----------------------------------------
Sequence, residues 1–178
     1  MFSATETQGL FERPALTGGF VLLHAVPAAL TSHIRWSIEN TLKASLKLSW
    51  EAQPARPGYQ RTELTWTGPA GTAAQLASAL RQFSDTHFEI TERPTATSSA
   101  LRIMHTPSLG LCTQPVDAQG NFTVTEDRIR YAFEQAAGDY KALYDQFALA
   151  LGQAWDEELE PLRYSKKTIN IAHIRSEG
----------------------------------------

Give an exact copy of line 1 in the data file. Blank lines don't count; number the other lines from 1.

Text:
Sequence, residues 1–178